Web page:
My grandma used to say that having children generally is a blessing, but I would add that children also can be helpful from a fiscal standpoint. If you have little ones and take care of them during a specific fiscal year, you can claim them as dependents and get a child tax credit. The sweet thing about a child tax credit-and all tax credits, for that matter, is that it directly reduces your income tax liability, meaning it leaves more money in your pocket after April 15.
By hiring the right tax accountant and tracking your expenses methodically, you can save money come year-end, especially if you can adeptly use tax credits that lower your tax bill by a substantial margin. Hiring a professional to handle your taxes is a smart thing, especially if fiscal matters are not your strong suit, but I would recommend you also read the Internal Revenue Service's expansive online resource on tax credits and how they can help you save some cash during a specified tax year-or over time. Tax credits that can diminish your fiscal tab run the gamut from lifetime learning credit and education credit to child and dependent care credit, Hope Scholarship credit, and credit for the elderly and the disabled. Here are some of the best tax deductions and credits that you should aim for if you qualify.
Before We Move On: Understand the Difference between Tax Credit and Fiscal Deduction
Don't be confused when you hear words like "tax deduction" and "fiscal credit." They mean different things; a tax deduction reduces your income that is subject to tax, whereas a fiscal credit reduces your final income tax. For example, say you made $50,000 last year and you are in the 25% tax bracket. Your total itemized deductions amount to $10,000, which brings your taxable income down to $40,000-and thus brings your tax debt to $10,000, or $40,000 multiplied by 25%. If you have tax credits of $4,000, your final fiscal liability-same thing as debt-would equal $6,000, or $10,000 minus $4,000.
Child and Dependent Tax Credit
If you work and hire someone else to take care of your children, you may be eligible to claim a child and dependent care credit. The credit, in essence, pays you back for money you doled out on things as varied as day care, daily maintenance, and hygienic monitoring. Keep track of money you pay the babysitter throughout the year and make sure to report it at year-end, providing, of course, the babysitter's information-including Social Security number, amount paid, and address-on your tax return.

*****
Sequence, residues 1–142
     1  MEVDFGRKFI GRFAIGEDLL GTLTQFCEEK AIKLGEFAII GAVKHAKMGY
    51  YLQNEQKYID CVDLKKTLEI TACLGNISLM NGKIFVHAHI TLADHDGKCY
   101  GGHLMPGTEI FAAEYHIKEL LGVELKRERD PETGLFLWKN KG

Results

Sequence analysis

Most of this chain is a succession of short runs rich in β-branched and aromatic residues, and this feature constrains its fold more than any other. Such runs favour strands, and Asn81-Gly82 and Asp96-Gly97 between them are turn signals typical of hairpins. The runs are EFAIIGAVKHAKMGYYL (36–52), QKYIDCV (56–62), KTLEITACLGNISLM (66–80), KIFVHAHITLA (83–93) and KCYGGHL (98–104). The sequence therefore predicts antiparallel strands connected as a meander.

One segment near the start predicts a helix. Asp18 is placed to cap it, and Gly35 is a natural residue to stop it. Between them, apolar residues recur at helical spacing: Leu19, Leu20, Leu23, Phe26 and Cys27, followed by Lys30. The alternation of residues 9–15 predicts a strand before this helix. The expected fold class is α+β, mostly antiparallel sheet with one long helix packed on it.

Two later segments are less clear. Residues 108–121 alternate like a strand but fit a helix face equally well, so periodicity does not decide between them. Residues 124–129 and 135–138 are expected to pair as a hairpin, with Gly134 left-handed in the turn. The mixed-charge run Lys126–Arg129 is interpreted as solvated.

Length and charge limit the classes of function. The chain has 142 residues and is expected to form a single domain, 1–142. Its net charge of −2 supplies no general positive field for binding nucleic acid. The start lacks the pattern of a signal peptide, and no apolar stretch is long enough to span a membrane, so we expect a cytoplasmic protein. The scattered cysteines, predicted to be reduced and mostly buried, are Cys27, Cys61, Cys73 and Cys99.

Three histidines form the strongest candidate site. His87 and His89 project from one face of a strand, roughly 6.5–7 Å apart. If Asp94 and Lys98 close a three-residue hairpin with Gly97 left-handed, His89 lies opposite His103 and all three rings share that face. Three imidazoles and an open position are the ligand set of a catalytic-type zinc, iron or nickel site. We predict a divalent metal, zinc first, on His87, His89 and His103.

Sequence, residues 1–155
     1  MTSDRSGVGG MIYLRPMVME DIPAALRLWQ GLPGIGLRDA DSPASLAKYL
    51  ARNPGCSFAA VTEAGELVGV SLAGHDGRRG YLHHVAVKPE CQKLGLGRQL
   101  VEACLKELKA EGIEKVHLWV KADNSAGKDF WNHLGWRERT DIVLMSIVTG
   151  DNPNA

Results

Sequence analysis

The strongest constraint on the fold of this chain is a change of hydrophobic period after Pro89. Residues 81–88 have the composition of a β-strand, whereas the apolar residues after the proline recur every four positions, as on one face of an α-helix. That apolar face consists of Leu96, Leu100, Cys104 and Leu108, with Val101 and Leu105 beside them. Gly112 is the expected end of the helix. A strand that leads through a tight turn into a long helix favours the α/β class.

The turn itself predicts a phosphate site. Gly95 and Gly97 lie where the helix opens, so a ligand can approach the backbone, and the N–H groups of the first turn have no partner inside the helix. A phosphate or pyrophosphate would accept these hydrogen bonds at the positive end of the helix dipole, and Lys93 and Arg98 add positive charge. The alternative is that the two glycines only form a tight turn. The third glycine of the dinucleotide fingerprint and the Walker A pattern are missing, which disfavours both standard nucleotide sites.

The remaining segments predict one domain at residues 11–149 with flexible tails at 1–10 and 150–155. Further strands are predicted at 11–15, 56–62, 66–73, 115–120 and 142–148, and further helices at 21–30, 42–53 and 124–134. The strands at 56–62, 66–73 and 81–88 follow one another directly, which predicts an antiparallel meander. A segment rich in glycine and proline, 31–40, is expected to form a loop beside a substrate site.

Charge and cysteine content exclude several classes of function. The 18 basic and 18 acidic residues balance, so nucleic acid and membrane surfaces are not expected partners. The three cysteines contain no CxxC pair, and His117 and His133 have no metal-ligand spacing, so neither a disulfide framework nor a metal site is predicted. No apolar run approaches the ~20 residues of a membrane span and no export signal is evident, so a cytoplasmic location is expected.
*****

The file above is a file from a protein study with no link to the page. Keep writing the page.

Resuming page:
When it comes to the babysitter's information, an important thing I want to mention is that you still can claim the child and dependent care credit even if the babysitter does not have a Social Security Number or does not want to give you the number. The IRS allows you to claim the credit if you can prove that you exercised "due diligence" in trying to get the SSN information. What "due diligence" exactly means often is murky, so contact your local IRS Taxpayer Assistance Center to get more information.
Lifetime Learning Credit
The good thing about this country is that we have freedom of expression as well as liberty to do everything we want-subject to certain restrictions, of course. So if you want to go to school for life, you can. A lifetime learning credit reduces your tax debt if you spend money on qualified tuition and related costs of higher education. Note that the credit is nonrefundable, meaning it can reduce your income tax liability to zero and the IRS would not refund you anything if, say, your tax debt were negative. For example, say your income tax liability equals $2,000 and your lifetime learning credit is $2,500. After applying the credit, your income tax debt would be minus $500, or $2,000 minus $2,500, but the IRS would not refund you the $500.